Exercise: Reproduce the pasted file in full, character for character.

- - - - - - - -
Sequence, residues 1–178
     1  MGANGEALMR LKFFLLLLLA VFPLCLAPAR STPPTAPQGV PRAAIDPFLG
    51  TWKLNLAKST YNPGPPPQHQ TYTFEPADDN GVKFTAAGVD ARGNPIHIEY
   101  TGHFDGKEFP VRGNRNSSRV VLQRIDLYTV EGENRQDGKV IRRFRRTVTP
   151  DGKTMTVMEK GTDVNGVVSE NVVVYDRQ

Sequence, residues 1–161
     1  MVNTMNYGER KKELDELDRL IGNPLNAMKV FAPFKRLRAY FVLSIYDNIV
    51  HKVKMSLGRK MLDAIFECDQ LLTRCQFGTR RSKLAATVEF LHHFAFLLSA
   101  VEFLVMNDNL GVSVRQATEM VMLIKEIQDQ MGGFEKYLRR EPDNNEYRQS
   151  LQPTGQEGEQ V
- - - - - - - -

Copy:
Sequence, residues 1–178
     1  MGANGEALMR LKFFLLLLLA VFPLCLAPAR STPPTAPQGV PRAAIDPFLG
    51  TWKLNLAKST YNPGPPPQHQ TYTFEPADDN GVKFTAAGVD ARGNPIHIEY
   101  TGHFDGKEFP VRGNRNSSRV VLQRIDLYTV EGENRQDGKV IRRFRRTVTP
   151  DGKTMTVMEK GTDVNGVVSE NVVVYDRQ

Sequence, residues 1–161
     1  MVNTMNYGER KKELDELDRL IGNPLNAMKV FAPFKRLRAY FVLSIYDNIV
    51  HKVKMSLGRK MLDAIFECDQ LLTRCQFGTR RSKLAATVEF LHHFAFLLSA
   101  VEFLVMNDNL GVSVRQATEM VMLIKEIQDQ MGGFEKYLRR EPDNNEYRQS
   151  LQPTGQEGEQ V